Army's offense touched the ball 12 times against Arkansas State. The Black Knights ran 50 offensive scrimmage plays (27 rushes, 23 passes) and lost the time of possession battle by six minutes and 26 seconds. With these various totals, it's not hard to do the math: Army had a lot of very short possessions, rarely doing better than three-and-out. Without a lot of live-action reps, new quarterback David Pevoto had an understandably difficult time establishing any rhythm in his first NCAA game under center. Similarly, offensive coordinator Kevin Ross (along with Bobby) had to have a hard time establishing any momentum as a play caller.
All of these things happened because Arkansas State was able to run the ball effectively, milking a clock that runs a lot faster these days.
The new clock rules in college football--in which the clock starts when the ball is ready for play after a change of possession--will severely punish teams that can't stop the run, even if their defense doesn't allow very many points. Since the new clock rules shave real-time minutes off the length of a game, and reduce the number of snaps in a game by (in all likelihood) a double-digit amount, a consistent running game will shorten games to a significant extent. If a team grabs a lead and can run the ball with any effectiveness in the 2006 world of college football, it will find it much easier to remain competitive for four quarters and--at the end of the game--milk the clock with success. Just as importantly, a team that can run the ball in 2006 will severely restrict the amount of time the opposing offense can spend on the field. This is exactly what Arkansas State did to Army on Saturday. With the old clock rules, Pevoto and the Army offense would have gotten ten more snaps, and Kevin Ross could have called ten more plays. In a tight game, ten plays could have given Army's offense the extra edge and sharpness that could have proven decisive. W ith better rush defense, the Black Knights could have bought their offense several more live snaps from scrimmage. In an early-season game--when live reps are crucial to building momentum and an offensive rhythm--these various considerations are crucial. They sure were for the winning Indians, and devastating for the losing Black Knights.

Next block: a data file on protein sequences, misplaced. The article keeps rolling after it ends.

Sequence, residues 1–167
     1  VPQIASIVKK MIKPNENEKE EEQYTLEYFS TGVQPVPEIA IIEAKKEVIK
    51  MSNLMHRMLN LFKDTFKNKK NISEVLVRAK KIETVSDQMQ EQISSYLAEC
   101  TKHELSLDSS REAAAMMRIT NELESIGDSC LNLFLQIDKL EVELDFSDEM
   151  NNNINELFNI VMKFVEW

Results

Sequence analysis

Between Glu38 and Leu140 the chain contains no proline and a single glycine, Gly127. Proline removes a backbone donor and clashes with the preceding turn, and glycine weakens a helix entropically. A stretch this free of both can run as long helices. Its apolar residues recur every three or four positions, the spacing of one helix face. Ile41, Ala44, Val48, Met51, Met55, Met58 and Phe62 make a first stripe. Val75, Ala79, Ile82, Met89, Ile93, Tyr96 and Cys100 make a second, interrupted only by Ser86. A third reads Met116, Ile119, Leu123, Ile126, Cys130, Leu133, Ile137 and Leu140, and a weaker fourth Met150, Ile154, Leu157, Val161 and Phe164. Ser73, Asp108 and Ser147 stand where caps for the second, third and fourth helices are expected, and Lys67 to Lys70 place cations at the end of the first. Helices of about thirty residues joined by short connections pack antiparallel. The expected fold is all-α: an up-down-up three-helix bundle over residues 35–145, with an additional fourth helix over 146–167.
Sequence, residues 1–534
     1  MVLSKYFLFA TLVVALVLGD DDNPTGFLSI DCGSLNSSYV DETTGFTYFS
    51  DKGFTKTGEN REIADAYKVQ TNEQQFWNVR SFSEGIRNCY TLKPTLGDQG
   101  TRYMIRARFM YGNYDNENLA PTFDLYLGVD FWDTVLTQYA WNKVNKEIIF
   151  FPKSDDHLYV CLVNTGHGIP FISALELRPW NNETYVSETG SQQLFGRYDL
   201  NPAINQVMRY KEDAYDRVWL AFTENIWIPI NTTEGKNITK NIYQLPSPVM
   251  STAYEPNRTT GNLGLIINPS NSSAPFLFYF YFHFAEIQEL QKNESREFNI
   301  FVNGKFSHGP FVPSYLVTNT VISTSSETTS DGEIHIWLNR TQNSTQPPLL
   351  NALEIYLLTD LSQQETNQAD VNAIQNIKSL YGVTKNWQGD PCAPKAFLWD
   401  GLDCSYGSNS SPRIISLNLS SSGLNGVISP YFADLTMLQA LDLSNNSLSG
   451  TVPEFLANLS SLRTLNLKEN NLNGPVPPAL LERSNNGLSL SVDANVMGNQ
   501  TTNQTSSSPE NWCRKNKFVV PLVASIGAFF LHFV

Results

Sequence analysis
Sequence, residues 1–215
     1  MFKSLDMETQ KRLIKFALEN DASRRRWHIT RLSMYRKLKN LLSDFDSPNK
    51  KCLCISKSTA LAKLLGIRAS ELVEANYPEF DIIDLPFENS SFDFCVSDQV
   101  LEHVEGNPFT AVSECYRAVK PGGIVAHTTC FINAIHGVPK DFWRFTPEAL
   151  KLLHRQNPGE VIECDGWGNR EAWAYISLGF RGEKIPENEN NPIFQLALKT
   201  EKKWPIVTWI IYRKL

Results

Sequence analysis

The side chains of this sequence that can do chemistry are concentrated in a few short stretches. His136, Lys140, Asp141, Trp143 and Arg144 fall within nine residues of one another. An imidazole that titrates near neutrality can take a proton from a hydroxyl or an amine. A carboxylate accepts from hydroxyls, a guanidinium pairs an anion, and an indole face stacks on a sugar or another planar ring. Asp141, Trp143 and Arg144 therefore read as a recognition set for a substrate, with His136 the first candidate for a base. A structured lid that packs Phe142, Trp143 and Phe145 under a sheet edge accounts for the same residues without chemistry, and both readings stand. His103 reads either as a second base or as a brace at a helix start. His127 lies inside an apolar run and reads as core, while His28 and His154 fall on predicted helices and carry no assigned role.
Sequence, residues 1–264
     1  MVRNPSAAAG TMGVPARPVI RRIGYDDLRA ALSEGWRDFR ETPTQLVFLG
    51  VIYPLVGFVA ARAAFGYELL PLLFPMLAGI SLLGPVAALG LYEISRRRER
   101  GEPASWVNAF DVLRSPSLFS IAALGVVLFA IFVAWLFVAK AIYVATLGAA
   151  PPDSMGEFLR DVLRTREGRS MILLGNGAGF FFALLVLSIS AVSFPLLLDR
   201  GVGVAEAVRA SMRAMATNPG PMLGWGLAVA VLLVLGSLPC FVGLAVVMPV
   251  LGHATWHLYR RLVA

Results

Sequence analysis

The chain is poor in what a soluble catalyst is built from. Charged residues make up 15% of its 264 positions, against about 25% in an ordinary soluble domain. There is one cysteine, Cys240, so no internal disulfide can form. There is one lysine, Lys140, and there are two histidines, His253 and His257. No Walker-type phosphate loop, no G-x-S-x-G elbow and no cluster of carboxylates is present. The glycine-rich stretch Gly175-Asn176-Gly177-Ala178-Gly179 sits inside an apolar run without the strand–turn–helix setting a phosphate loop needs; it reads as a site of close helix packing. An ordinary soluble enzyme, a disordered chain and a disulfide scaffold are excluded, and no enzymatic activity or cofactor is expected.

Bobby Ross now has to get his team to learn from this devastating setback, while also strategizing accordingly. Ross has to get his players to defend the run with more passion and urgency, so that Army's offense can get more game snaps and have a chance to establish a solid foundation. Secondly, Pevoto and the rest of that offense must make the most of the turnovers they're given. Receiving three turnovers from the defense, Pevoto should have been able to generate the 15 points needed beat Arkansas State. But his own sluggishness, combined with a clock that squeezed him, proved to be too much to overcome.
Next week against Kent State, Army must gain an early and significant lead if it expects to win. And if the Black Knights fall behind, they need to pass the ball a lot so that Pevoto can get experience while lengthening the game and increasing the number of live snaps from scrimmage. In more ways than one, the Army Black Knights are on the clock; their 2006 season just became a lot more urgent after being run down by a bunch of Indians in game number one.